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Sunday, June 15, 2008

The Hills Aren't Alive with the Sound of Music!!!


Darjeeling is again in the news. For all the wrong reasons!

Darjeeling has been voted, time & again, one of the most popular tourist destinations of the country. Yet Darjeeling has been the hot-bed of disruptive politics from the fag end of the last century.

Looking back:

Darjeeling has been popularly known as the Queen of the Hills, and the name itself has two very important associations. The first of them is the famous Darjeeling Tea, one of the finest varieties of tea that is produced here, and the other is the Darjeeling Himalayan Railway, a world heritage site. Mount Kanchenjunga, the third highest peak in the world, is very close to darjeeling, from where one can get a very clear view of the same. Satyajit Ray, the master filmaker, had filmed his first colour feature film 'Kanchanjangha' in Darjeeling and the place had been an integral part of the screenplay, supplying a superb atmospheric. In the recent past, Darjeeling has also gained popularity to young tourists from around the world on account of White Water Rafting, an intense adventure sport.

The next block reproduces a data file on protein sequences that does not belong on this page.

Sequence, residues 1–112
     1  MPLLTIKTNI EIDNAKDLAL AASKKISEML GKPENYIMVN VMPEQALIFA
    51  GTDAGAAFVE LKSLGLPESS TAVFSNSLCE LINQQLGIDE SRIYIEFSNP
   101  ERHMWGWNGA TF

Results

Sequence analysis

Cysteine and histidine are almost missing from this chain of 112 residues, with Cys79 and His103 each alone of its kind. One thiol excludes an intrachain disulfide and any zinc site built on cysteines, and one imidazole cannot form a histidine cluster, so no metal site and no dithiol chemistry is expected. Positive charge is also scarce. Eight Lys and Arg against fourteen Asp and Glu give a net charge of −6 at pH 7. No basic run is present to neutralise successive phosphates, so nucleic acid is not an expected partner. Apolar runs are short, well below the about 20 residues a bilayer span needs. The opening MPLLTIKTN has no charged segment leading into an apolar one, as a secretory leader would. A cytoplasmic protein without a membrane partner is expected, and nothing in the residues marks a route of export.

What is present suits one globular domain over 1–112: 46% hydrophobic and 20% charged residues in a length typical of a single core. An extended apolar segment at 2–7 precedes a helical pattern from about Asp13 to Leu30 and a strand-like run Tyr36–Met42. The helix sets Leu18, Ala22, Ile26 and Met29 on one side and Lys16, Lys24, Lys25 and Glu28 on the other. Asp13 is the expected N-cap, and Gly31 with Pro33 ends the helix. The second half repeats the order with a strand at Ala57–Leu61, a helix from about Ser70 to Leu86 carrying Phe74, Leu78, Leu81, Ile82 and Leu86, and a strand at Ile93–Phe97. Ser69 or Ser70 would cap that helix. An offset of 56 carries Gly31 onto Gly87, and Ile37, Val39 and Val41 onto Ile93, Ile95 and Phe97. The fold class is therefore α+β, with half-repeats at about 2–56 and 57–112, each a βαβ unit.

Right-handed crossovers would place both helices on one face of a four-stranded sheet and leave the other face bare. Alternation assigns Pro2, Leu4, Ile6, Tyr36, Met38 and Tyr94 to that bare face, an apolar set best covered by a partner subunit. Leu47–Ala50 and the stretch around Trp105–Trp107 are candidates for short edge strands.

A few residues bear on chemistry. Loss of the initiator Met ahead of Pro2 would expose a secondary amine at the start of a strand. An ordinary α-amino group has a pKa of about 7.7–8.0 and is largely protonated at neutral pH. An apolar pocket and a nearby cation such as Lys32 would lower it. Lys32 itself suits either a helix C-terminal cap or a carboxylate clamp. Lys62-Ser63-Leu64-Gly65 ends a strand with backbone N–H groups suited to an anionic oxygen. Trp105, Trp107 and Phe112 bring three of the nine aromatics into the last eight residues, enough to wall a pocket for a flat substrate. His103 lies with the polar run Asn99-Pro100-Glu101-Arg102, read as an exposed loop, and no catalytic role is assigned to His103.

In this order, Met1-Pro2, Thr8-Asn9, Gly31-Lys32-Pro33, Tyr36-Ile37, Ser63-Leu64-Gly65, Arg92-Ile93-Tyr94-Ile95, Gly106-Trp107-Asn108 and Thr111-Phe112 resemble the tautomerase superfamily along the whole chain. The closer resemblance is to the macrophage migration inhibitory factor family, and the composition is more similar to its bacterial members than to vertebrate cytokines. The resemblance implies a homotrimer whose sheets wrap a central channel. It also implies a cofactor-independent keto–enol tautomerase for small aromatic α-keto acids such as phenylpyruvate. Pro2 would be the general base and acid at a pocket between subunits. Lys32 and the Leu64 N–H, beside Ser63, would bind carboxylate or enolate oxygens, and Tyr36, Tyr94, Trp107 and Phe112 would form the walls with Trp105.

The three hilly subdivisions of Darjeeling disrict are Darjeeling, Kalimpong and Kurseong. Darjeeling, the Queen of Hill Stations, owes its eminence to the British, who built the Eden Sanatorium here in the early 19th century. The name Darjeeling is derived from the Tibetan Dorje-ling of the Thunderbolt Dorji. Some, however, believe that it was the thunderbolt of Lord Indra, the ruler of the skies. In 1839, when the East India Company took over Darjeeling, situated in the Himalayas at a height of 7,500 feet, and termed it The Observatory Hill. Only 20 mud huts existed on the hill then but now the town boasts of a population exceeding 9 lakh.


The agony: